Updating the Map of Desires: Mobile phones, satellite dishes and abundance as facets of modernity in Apiao, Chiloé, southern Chile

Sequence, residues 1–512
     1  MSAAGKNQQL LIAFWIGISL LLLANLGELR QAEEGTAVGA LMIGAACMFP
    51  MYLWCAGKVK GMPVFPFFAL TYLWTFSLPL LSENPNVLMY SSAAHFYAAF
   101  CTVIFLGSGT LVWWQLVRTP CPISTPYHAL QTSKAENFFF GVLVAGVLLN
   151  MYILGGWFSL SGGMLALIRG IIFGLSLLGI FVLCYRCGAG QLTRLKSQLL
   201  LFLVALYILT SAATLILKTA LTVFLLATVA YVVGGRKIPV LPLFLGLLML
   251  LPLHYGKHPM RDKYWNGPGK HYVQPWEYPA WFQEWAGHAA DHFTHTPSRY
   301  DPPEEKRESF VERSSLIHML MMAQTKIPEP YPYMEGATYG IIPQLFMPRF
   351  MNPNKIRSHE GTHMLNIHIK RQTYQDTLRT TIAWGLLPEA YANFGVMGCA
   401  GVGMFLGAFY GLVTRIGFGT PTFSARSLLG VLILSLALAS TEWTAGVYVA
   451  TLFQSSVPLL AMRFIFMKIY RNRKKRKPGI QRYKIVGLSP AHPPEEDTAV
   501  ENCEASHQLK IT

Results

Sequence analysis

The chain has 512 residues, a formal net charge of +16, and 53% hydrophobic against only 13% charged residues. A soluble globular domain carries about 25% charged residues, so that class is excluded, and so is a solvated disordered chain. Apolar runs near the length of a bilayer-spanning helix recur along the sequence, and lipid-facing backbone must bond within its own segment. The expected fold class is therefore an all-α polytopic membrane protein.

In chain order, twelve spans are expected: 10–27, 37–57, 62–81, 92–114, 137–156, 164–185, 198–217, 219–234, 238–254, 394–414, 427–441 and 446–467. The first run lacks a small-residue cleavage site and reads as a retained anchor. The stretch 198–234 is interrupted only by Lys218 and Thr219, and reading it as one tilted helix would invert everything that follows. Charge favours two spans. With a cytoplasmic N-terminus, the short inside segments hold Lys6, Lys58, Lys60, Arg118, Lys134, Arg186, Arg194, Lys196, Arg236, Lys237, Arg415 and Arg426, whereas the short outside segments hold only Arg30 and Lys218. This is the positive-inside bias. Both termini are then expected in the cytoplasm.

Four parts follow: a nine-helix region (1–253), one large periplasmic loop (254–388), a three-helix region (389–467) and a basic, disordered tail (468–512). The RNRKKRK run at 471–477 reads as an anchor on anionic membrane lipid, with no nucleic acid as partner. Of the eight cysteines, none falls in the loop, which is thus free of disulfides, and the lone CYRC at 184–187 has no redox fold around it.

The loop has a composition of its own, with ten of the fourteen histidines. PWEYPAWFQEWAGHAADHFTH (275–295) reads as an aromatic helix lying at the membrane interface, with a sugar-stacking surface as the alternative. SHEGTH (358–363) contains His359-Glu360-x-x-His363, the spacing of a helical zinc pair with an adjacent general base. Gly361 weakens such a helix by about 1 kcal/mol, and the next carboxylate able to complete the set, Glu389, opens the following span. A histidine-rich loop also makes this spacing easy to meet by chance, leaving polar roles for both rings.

This article addresses the evolution of material and discursive practices in a rural, indigenous area, showing how these embody willingness to take part in modernity. The growing importance of electronic apparatuses, and material items perceived as modern, coexists with a strong attachment to tradition in lifestyle, religious beliefs, and practices. Growing participation in the market economy, state benefits granted to indigenous people, and increased cash circulation have contributed to a change in people’s values, and desires for, modern, store-bought goods. The article illustrates that the ability to buy, own, and display modern items is a response to the need to feel part of the wider society from which this rural community has for a long time felt excluded. This highlights the tension—often expressed in ethnic terms—between island, epitomizing tradition, and town, symbolizing modernity.
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